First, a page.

Look, I this is the total cash grab, okay. Jimmy, just, just to your point, okay. I like the cash grab here. And I like the move to mobile. And I like that they did it before the going to console like I, I think these are all, like Riot makes really great decisions. Many times, like we’ve covered this many times on the podcast and on the live stream. I think they make very smart moves over and over again, and it’s why their games are successful. And I think for all the reasons you guys mentioned, the jump to mobile before console makes a lot of sense. The jump to mobile in general makes a lot of sense from a dollars and cents standpoint, where I think they will shoot themselves in the foot is if they put a lot of time and resources behind making VALORANT Mobile, a legitimate competitive esport I just don’t think there’s a future for mobile eSports. And I know there’s a lot of people who don’t agree with me. And I know there’s a lot of people who think I’m crazy when I say that. But when we’re talking about spectator sport, people on a stage competing against each other with an audience buying hotdogs, that world is not going to care about mobile. It’s a novelty right now. But come back to me in 20 years and tell me you think there’s gonna be a place for mobile eSports there. I just don’t think so.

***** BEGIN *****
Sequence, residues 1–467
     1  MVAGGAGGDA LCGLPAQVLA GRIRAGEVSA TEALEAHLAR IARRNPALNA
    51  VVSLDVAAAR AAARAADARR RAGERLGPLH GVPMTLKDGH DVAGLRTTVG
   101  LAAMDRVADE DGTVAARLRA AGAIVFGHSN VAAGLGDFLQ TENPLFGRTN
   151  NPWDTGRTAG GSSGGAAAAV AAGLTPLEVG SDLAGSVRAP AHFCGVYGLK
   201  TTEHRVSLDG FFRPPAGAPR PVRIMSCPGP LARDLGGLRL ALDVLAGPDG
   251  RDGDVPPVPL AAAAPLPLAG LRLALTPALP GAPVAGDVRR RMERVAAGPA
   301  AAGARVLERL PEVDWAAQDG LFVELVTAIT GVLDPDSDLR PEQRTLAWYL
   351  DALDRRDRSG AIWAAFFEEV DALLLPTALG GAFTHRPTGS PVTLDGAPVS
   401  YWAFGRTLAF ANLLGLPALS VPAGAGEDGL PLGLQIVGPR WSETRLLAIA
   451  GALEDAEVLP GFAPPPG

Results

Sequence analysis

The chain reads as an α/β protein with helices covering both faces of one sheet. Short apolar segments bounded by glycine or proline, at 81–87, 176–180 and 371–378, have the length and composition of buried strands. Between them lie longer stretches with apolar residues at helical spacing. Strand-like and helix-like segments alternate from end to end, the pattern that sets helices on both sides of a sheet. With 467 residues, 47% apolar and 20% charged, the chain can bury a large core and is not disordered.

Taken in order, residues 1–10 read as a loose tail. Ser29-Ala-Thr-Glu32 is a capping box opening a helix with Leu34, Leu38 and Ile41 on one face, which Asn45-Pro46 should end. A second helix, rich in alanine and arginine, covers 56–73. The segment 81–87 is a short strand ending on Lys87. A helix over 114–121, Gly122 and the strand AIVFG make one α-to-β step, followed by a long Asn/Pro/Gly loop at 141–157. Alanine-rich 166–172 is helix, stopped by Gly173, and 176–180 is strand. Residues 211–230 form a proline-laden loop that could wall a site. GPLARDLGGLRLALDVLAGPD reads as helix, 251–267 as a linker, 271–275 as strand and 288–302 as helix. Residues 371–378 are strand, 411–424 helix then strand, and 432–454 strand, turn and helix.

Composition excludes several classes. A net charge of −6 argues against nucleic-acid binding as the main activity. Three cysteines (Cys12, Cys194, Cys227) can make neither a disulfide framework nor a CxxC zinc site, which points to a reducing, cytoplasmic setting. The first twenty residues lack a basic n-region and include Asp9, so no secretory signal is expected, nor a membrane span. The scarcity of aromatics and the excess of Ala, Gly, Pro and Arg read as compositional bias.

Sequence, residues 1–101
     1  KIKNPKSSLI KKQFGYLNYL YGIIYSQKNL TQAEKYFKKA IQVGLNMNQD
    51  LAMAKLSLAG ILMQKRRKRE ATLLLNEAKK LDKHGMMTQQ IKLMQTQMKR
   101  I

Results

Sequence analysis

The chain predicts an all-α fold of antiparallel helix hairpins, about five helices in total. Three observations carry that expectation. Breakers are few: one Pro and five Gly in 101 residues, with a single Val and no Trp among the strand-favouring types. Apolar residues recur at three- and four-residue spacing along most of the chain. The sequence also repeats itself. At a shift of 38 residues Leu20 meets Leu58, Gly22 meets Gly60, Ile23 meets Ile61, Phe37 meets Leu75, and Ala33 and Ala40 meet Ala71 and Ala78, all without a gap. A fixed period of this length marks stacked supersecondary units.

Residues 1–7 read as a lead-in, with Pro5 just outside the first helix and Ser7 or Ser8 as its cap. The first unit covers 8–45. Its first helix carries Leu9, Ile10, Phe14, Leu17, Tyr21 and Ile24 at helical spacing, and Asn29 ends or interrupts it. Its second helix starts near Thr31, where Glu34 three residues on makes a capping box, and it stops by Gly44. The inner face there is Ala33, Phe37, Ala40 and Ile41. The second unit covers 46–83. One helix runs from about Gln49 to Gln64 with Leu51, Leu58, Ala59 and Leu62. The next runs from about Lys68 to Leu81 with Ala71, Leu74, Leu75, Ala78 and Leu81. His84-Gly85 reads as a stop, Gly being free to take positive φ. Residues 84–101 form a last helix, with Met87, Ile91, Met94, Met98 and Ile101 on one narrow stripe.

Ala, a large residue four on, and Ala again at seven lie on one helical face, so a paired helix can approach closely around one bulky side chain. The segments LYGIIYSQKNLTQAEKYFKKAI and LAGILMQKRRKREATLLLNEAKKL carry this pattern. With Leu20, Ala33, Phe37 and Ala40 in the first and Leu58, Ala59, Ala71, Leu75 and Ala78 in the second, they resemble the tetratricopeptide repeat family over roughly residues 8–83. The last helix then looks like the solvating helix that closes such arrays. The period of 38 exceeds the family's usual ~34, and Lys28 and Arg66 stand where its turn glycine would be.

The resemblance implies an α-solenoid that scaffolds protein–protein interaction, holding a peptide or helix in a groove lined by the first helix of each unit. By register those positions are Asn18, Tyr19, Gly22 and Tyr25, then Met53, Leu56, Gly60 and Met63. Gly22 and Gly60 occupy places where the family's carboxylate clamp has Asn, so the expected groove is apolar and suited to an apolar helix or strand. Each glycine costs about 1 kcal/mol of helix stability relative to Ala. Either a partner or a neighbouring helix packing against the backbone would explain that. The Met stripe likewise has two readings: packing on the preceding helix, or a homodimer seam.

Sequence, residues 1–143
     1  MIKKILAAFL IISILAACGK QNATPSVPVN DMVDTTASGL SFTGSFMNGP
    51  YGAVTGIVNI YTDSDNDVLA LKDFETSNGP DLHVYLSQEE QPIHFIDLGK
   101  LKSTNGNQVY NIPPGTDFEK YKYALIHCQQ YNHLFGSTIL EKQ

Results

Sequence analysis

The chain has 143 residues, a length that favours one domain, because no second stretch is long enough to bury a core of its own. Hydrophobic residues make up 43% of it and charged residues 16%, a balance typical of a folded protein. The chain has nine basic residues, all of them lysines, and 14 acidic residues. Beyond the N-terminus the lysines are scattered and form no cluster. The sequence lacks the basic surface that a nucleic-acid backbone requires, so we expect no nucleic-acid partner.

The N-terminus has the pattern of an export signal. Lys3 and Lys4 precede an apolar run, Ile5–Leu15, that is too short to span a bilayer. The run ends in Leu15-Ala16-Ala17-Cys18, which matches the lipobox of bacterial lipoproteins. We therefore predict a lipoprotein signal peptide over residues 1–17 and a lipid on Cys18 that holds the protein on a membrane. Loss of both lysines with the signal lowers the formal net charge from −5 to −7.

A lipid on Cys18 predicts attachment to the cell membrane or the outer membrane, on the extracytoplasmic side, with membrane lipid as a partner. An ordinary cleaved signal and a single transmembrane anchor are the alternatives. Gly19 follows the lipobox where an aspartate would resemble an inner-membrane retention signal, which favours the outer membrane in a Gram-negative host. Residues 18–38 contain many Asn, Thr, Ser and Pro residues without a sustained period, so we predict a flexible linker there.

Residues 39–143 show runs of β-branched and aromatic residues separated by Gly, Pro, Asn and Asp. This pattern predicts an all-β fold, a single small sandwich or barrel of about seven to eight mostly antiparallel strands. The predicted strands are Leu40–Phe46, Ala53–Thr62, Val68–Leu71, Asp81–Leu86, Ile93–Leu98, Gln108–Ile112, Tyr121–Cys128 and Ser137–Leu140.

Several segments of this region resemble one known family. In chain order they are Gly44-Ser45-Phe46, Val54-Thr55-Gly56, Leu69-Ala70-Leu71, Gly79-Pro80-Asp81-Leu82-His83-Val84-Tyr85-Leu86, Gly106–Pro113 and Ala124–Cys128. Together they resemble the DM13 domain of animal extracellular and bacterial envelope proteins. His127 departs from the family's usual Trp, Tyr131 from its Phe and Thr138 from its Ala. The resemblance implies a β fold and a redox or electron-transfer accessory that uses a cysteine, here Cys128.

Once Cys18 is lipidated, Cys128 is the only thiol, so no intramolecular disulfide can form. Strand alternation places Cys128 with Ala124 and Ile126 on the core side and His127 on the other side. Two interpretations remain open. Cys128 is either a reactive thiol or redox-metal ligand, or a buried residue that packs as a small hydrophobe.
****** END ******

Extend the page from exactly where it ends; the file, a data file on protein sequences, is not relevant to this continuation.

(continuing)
Jimmy Baratta 28:19
Well, listen, I don’t I don’t see mobile filling any $500 million arenas, you know, I agree with that. But I do see mobile competitions at your local internet cafe or your local eSports arena with you know, all your all the local kids that might know we’re talking
Paul Dawalibi 28:33